Share on FacebookTweet about this on TwitterEmail this to someone
Share on FacebookTweet about this on TwitterEmail this to someone
Photo by Ryan Kelley/QNS
Photo by Ryan Kelley/QNS

A favorite dining spot along Queens Boulevard is closing its doors after 40 years of serving the Elmhurst community, but its tradition will live on just a few blocks away.

Georgia Diner, founded in 1978, will close at its original location on March 25 and merge with the Nevada Diner, less than half a mile away on Queens Boulevard. John Singh, a manager at both diners (owned by the same entrepreneur, Jimmy Kaloidis), said that the Georgia Diner will bring its famous name and most of its staff to the new location, but not much else will change.

“It’s the same food, the same service, the same phone number, just a different address,” Singh said.

Singh explained that Kaloidis recently decided to sell the building the Georgia Diner has occupied for decades. After selling part of the parking lot to a developer three years ago, Kaloidis was recently offered a price for the entire property by the same developer and decided to capitalize on it, Singh said. The application for the demolition of the diner was approved by the Department of Buildings (DOB) on Feb. 7.

City records show that the diner was sold for $14.25 million.

The Georgia Diner will replace the Nevada Diner and bring its 24-hour service along with it. Most of the Georgia Diner employees will combine with the old Nevada Diner staff to help with the expected increase in business, but a few people will have to be let go, Singh said. The valet parking service at the old Georgia Diner location won’t be continued because the new location has a bigger parking lot, but Singh said they will bring it back if necessary.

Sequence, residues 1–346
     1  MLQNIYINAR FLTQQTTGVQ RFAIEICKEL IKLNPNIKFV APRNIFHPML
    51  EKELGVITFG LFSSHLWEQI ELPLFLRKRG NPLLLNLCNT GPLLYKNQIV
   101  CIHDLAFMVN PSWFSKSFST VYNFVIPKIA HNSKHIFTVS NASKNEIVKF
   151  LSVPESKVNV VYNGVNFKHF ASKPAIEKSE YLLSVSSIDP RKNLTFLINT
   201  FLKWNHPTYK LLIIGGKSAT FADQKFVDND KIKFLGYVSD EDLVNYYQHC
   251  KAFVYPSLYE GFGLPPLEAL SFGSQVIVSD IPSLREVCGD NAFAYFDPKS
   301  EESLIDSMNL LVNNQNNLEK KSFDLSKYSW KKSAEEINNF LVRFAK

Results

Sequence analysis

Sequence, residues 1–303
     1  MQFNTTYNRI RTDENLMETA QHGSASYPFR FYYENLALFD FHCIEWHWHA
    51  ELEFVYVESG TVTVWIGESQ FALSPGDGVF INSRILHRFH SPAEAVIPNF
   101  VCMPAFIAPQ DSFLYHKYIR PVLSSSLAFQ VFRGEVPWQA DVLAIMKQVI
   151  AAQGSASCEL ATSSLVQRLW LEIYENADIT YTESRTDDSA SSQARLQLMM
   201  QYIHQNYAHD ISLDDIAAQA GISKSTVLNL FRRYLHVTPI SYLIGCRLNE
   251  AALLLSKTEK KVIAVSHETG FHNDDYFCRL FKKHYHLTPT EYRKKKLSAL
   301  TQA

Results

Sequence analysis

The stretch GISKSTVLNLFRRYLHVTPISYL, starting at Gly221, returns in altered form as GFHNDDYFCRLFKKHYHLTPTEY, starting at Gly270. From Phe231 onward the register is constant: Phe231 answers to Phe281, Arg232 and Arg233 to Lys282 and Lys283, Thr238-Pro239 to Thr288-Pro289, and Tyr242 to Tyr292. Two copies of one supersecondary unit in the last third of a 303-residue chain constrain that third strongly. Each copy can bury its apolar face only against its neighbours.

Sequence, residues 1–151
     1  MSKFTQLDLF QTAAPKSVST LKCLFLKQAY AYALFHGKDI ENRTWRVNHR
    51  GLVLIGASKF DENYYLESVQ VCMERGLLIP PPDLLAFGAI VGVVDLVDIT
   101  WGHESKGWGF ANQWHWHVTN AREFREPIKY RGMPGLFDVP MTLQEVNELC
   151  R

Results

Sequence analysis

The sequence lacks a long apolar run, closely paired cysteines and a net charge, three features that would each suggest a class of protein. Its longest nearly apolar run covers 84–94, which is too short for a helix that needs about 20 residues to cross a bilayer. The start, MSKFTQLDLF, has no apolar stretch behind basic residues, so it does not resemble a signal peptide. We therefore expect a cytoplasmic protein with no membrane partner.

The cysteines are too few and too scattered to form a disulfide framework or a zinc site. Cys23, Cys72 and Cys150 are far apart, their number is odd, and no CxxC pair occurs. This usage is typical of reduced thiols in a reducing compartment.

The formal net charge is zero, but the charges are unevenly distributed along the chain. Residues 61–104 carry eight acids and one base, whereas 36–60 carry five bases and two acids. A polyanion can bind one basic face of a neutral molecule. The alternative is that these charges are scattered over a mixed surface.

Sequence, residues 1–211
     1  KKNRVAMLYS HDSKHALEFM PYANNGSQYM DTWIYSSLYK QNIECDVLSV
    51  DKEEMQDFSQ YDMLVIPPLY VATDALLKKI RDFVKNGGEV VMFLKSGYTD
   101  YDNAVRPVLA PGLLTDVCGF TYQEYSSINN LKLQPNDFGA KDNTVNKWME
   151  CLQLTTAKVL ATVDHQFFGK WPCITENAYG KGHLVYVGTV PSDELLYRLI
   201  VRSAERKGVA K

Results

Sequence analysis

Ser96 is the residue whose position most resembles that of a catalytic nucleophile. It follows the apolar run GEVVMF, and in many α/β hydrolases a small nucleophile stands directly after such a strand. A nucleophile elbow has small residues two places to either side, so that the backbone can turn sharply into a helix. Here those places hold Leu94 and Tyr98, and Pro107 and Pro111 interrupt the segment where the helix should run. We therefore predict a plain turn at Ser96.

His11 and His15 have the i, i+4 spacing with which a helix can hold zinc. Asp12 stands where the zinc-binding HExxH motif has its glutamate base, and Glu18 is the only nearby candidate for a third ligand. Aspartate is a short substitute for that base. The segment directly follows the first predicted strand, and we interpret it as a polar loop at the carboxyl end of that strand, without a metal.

The Nevada Diner, which will soon be the new location of the Georgia Diner. Photo by Ryan Kelley/QNS.

The Nevada Diner, which will soon be the new location of the Georgia Diner. Photo by Ryan Kelley/QNS.

Even though the Georgia Diner isn’t moving far, the demolition of its former site marks the end of an era.

“People know it very well, all of the neighborhood, and the kids that are now 40 years old that were born there are really emotional,” Singh said. “They’re going to miss it, and some of them really started crying already.”

As for the merger, Singh expects it to go smoothly. Business was never a problem at the old Georgia Diner, and Singh said their loyal customers will continue to come to the new location. Singh also explained that with the increase in minimum wage and the ever-rising costs of food products, the merger will allow them to continue offering big meals at affordable prices.

The site will have a much different appearance once the developer, My Architect PC, is finished with the project. According to DOB records, the new structure will be 18 stories high, with four floors of  “community facility” use and the remaining 14 stories for residential use with 184 apartments. Construction began in 2016 and the structure of the first four floors is currently in place.

The current state of the new building being constructed behind Georgia Diner. Photo by Ryan Kelley/QNS.

The current state of the new building being constructed behind Georgia Diner. Photo by Ryan Kelley/QNS.

 

A drawing of the completed project. Image via DOB records.

A drawing of the completed project. Image via DOB records.

Comments:

Join The Discussion



Related Stories
Georgia Diner in Elmhurst doesn’t skip a beat as business picks up at its new location
Georgia Diner in Elmhurst doesn’t skip a beat as business picks up at its new location
Terrace on the Park lease to be up for bid
Terrace on the Park lease to be up for bid
Popular Stories
Photo via Pixabay
7 Queens neighborhoods make list of NYC's most expensive communities
Photos courtesy of the NYPD
Bayside man busted with over 60 guns in his home now behind bars without bail (UPDATED)
Photos by Liz Clayman
New restaurant in Long Island City serves up thin crust pizza from a renowned chef


Skip to toolbar